An edge Apple has is its trusted brand. Simply put, consumers trust that Apple will deliver quality software, hardware, and services. Apple has earned strong customer loyalty, which has resulted in pricing power. For example, Apple recently released a pair of headphones marked with a $549 price tag. Demand has exceeded supply.

The Top Merits of Apple, As Seen By Buffett and Other Investors

  • Pricing power is something we touched on above, which is something Buffett has been vocal about. Buffett said in 2018 that he loves Apple as an investment because of the power of its ecosystem and brand. He was never interested in short-term financials. His interest in Apple is based on the millions of people who “live their lives” by Apple. He even went so far as to say that the iPhone is “enormously underpriced” — it’s worth more than the $1,000 Apple charges. The claim seems astonishing, a $1,000 phone seems pricey after all. To that argument Buffett counters, would you give up your phone for $1,000? For most, the answer is no, and that proves Buffett’s point, Apple has the power to further increase prices.
  • Apple’s stock buyback program acts as a support system for its stock. This program has helped Apple to drive healthy earnings growth. For example, Apple could buy back 3% to 4% of its shares through 2026 without adding any net debt. Buybacks boost earnings per share by reducing outstanding share counts.
  • Apple’s dividend satisfies income investors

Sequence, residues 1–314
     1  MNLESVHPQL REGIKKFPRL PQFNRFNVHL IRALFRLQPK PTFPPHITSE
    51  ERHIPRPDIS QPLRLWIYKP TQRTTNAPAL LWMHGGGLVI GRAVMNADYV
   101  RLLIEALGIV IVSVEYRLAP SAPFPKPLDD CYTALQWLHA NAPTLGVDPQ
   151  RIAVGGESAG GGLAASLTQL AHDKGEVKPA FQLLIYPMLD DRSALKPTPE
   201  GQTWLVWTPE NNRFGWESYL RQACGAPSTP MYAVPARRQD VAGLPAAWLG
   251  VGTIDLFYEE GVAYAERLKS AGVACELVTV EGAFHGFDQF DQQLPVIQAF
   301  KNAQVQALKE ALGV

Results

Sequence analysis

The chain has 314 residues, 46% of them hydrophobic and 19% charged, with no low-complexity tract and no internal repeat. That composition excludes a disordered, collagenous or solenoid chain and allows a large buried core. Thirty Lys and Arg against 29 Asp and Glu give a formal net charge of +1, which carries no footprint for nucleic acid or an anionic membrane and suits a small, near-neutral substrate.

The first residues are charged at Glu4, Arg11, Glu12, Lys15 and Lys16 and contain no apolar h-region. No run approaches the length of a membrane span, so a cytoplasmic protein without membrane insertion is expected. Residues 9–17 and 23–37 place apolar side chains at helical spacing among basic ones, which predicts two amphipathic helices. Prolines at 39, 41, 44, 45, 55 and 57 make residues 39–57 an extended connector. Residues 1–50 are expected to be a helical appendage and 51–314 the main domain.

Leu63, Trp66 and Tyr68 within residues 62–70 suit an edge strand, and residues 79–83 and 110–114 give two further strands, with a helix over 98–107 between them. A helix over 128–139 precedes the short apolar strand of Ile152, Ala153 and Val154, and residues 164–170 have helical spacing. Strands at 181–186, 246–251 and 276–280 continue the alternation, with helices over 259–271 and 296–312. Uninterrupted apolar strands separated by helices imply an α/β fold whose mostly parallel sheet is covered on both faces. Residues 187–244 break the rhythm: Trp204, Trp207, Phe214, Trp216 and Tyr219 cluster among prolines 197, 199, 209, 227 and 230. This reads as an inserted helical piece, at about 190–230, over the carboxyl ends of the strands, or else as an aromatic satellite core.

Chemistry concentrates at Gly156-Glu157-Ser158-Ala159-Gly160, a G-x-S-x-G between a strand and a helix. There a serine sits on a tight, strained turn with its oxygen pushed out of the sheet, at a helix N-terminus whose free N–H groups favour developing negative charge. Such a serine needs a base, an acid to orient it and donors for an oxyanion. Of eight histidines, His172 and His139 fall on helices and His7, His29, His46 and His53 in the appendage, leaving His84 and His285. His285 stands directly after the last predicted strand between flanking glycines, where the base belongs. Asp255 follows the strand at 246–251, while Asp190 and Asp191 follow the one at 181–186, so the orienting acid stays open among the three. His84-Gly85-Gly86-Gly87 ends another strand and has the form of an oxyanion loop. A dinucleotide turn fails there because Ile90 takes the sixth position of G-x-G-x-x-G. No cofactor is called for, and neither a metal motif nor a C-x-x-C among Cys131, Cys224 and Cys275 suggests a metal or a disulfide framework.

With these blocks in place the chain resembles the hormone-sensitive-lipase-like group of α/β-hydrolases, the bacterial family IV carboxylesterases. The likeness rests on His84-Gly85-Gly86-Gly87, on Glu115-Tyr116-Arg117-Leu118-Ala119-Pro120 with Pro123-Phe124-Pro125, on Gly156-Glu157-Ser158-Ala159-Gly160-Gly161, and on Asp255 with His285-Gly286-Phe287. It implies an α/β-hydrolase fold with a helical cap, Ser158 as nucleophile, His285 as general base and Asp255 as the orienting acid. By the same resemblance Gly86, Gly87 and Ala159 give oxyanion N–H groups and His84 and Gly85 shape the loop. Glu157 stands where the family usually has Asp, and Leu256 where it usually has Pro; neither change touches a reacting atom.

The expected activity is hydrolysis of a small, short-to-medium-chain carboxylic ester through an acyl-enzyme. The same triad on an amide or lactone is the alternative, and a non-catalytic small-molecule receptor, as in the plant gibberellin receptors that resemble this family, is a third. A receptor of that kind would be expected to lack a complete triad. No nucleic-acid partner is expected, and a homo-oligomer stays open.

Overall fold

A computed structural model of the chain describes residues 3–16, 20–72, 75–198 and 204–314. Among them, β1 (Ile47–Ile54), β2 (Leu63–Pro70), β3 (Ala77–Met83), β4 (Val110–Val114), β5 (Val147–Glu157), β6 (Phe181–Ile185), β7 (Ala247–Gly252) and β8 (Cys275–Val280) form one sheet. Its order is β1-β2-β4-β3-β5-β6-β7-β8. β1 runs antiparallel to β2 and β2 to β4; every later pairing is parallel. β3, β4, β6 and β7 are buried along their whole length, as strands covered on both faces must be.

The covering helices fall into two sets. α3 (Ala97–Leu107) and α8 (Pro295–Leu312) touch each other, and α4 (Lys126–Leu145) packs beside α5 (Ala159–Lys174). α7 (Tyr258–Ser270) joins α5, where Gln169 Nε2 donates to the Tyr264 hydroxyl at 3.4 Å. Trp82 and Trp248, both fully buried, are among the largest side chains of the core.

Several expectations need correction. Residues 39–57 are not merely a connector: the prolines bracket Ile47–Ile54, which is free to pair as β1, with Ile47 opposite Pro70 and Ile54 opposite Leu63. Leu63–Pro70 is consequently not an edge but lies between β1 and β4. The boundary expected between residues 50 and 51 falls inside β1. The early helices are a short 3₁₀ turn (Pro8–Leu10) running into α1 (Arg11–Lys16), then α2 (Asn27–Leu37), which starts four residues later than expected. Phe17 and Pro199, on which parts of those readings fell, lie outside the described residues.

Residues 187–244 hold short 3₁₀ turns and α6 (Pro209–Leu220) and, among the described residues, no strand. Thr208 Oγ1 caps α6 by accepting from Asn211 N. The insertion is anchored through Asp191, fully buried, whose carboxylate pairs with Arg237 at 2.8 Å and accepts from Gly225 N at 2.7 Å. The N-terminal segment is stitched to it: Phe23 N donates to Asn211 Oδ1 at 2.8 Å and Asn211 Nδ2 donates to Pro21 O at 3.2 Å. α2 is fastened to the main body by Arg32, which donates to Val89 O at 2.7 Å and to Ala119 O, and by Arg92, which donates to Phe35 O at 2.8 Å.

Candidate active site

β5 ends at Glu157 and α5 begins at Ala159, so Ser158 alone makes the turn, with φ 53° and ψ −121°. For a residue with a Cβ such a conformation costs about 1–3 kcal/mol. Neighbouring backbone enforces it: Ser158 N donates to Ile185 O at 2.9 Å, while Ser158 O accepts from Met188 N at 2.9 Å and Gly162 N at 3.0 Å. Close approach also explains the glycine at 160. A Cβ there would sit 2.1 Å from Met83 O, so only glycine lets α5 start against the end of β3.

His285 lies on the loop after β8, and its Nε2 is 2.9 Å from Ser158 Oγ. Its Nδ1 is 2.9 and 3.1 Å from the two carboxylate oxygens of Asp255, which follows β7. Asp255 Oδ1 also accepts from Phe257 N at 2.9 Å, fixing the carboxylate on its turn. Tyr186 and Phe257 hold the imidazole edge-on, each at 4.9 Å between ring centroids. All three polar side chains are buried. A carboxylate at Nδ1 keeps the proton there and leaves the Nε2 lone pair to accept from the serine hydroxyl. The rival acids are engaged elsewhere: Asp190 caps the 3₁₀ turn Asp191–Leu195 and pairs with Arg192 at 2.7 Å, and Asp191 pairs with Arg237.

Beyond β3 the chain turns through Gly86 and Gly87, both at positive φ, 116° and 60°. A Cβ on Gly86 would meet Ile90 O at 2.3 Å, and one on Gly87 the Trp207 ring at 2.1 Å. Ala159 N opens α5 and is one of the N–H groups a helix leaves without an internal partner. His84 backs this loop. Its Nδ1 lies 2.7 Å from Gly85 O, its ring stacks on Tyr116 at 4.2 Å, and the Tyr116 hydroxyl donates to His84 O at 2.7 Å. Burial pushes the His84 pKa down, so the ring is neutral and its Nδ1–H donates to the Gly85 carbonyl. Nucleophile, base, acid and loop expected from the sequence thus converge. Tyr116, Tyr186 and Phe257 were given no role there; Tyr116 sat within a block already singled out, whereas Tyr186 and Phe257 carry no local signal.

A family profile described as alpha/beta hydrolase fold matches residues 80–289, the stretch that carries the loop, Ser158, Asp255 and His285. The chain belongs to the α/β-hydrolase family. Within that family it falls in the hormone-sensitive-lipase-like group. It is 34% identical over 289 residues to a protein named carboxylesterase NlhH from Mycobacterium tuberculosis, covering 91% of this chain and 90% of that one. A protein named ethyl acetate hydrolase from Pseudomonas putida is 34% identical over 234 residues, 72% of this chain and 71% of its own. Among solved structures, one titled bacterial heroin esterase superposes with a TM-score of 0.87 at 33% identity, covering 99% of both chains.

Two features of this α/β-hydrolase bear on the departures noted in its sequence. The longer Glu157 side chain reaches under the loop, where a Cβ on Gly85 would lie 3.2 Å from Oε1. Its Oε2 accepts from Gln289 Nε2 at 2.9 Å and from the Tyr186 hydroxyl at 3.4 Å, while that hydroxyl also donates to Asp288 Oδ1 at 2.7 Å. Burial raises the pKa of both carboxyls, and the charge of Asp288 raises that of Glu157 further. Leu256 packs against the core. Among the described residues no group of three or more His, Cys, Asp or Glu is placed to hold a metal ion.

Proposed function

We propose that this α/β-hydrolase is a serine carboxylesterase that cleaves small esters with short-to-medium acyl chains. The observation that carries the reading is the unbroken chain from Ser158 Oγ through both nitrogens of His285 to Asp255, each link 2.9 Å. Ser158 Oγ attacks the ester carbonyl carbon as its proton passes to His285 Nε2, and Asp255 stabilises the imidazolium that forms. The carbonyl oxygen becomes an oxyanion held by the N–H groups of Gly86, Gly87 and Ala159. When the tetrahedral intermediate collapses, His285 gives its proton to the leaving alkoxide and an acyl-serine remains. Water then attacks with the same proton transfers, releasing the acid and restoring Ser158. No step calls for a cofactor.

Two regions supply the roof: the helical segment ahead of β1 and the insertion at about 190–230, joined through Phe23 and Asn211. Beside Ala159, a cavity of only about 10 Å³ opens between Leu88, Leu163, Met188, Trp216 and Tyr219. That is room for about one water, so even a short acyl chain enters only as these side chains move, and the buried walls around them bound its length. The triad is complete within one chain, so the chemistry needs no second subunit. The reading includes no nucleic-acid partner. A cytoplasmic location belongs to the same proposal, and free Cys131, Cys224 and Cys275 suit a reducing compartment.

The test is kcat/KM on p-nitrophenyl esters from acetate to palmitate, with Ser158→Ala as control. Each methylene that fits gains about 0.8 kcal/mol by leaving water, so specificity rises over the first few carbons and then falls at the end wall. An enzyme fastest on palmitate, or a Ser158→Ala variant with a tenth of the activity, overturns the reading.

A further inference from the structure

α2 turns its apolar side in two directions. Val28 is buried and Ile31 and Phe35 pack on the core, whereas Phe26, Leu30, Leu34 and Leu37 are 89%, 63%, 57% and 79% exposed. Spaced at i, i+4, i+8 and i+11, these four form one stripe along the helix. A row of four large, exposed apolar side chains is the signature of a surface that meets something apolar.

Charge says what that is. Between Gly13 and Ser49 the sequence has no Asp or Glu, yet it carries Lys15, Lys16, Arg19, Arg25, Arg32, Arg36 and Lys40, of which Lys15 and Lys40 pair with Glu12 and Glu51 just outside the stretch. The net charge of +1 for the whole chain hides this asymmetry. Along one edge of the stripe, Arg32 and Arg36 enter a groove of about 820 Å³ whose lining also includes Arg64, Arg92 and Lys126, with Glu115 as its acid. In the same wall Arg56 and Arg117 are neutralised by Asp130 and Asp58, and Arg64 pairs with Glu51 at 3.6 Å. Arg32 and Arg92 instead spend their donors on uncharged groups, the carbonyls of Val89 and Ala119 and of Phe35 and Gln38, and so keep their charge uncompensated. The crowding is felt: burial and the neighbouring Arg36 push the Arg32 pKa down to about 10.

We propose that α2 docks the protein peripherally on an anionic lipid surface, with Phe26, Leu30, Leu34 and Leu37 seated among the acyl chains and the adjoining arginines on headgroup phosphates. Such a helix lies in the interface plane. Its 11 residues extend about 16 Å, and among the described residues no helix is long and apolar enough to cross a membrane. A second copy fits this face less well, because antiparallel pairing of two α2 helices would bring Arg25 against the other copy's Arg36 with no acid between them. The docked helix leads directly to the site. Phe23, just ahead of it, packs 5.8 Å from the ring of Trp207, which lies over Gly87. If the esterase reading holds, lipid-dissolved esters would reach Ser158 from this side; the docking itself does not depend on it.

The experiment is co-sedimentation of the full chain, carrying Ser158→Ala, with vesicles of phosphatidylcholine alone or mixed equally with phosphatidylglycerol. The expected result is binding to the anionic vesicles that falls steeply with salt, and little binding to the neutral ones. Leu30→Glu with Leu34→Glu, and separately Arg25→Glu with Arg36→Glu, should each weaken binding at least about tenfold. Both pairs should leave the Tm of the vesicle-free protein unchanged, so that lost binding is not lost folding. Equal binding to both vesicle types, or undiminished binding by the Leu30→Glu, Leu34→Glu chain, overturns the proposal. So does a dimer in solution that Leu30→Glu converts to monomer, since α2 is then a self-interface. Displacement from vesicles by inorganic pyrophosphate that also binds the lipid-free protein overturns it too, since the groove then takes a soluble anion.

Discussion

• Apple controls the screen with its own operating system – just look at how quickly Parler’s valuation collapsed when Apple and Alphabet removed it from their App and Play stores respectively.

What the Future Holds for Apple

Some say that since the passing of Steve Jobs, Apple just isn’t the same innovative company. Yet, it’s been ten years since Tim Cook took over as Apple CEO, someone who Buffett speaks about with the utmost respect. Since Cook became CEO, Apple stock has delivered a nearly 1,200% return.

In 2018, Apple became the first publicly traded American company to reach a $1 trillion market cap, hitting $2 trillion just over two years later, and the company is showing no signs of slowing down. Indeed it recently hit a $3 trillion market capitalization.

The Apple Car is being described as the company’s “next star product” and will likely be marketed as a very high-end model. There has even been talk of Apple’s secret satellite project. These satellites would be dedicated solely to Apple-related data, allowing for faster transmission.

All that said, there’s a clear reason Buffett has allowed Apple to grow as large as it has in Berkshire Hathaway’s portfolio. Apple is a company that continues to grow revenues and profits through all economic cycles. The lesson is clear from Buffett. Even if you invest in a great company long after the story is known, the opportunity to make a lot of money still exists.